National Standards for the Practice of Ecological Restoration in Australia

In time for your Xmas reading! SERA (Society for Ecological Restoration Australasia) has just released their Draft ‘NATIONAL STANDARDS FOR THE PRACTICE OF ECOLOGICAL RESTORATION IN AUSTRALIA’, which are open for comment until February 15 2015. For the last 3 years, the Society and 12 partner organizations (including Gondwana Link) have been collaborating on the development of these Standards. We’re excited to now see them ‘out there’, – a national approach recognising the fundamental ecological principles that underpin all restoration programs. The Standards will provide clarity for restoration practitioners and funders on where projects sit – will they achieve valuable restoration, or are they just hopeful tree planting in a declining landscape? We like the five star rating system, and think the restoration wheel (pictured) could work well. Gondwana Link first developed our Restoration Standards for the Link in 2010, in order to provide clarity across the loose language then being used on what works contributed to achieving the Link. That early effort was led by Paula Deegan, who then worked with SERA developing the business case for the national standards. A key driver in and contributor to development of both the Gondwana Link Standards and the National Standards has been SERA Board Member Justin Jonson, from Threshold Environmental, who has designed and implemented many high standard restoration works in the Central Zone of Gondwana Link. Member groups Greening Australia and Bush Heritage Australia also contributed as partners to the project. The National Standards can be downloaded from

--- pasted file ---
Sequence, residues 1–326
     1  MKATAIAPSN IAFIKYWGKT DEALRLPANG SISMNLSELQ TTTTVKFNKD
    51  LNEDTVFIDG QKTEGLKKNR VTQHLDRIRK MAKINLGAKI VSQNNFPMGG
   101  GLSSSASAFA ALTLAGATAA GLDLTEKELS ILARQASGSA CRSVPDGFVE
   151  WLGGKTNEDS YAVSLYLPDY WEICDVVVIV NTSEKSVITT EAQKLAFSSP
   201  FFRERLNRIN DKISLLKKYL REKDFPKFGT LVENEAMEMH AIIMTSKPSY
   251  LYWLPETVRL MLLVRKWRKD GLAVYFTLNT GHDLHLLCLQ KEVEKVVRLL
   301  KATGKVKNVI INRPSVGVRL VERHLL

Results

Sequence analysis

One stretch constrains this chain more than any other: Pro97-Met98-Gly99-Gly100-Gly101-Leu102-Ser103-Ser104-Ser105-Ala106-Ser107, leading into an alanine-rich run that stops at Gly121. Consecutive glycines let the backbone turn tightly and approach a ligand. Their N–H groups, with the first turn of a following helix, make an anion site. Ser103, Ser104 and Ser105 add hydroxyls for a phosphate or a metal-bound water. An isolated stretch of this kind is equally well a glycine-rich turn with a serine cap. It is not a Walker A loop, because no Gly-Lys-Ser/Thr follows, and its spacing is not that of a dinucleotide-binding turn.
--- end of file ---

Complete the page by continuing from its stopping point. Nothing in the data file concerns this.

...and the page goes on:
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© Raana Scott - Carnaby cockatoo in flight, flame grevillea